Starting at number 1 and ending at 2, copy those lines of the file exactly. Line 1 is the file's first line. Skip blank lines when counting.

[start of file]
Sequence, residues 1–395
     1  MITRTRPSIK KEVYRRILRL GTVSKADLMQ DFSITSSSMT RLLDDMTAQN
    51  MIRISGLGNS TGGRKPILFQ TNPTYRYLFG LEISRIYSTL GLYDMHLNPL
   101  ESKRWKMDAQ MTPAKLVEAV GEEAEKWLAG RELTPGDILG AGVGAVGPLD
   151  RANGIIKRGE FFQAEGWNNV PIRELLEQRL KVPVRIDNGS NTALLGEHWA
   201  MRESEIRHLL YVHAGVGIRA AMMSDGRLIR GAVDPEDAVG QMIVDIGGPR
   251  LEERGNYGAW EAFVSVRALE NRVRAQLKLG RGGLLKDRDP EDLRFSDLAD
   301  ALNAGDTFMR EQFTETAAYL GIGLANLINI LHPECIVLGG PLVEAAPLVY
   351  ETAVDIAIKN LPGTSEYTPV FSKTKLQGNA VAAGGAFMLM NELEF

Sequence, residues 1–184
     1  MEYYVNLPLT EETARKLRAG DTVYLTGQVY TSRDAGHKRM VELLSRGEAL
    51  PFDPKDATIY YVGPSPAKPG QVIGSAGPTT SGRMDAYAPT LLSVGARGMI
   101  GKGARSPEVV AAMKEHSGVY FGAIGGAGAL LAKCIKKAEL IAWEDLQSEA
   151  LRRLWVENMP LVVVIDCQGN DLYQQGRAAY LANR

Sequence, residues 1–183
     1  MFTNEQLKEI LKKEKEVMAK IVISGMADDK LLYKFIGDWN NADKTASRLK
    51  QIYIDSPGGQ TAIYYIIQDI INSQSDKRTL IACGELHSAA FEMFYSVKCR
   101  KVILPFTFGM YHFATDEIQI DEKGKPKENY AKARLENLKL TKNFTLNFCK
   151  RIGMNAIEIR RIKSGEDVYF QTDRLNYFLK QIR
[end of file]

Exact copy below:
Sequence, residues 1–395
     1  MITRTRPSIK KEVYRRILRL GTVSKADLMQ DFSITSSSMT RLLDDMTAQN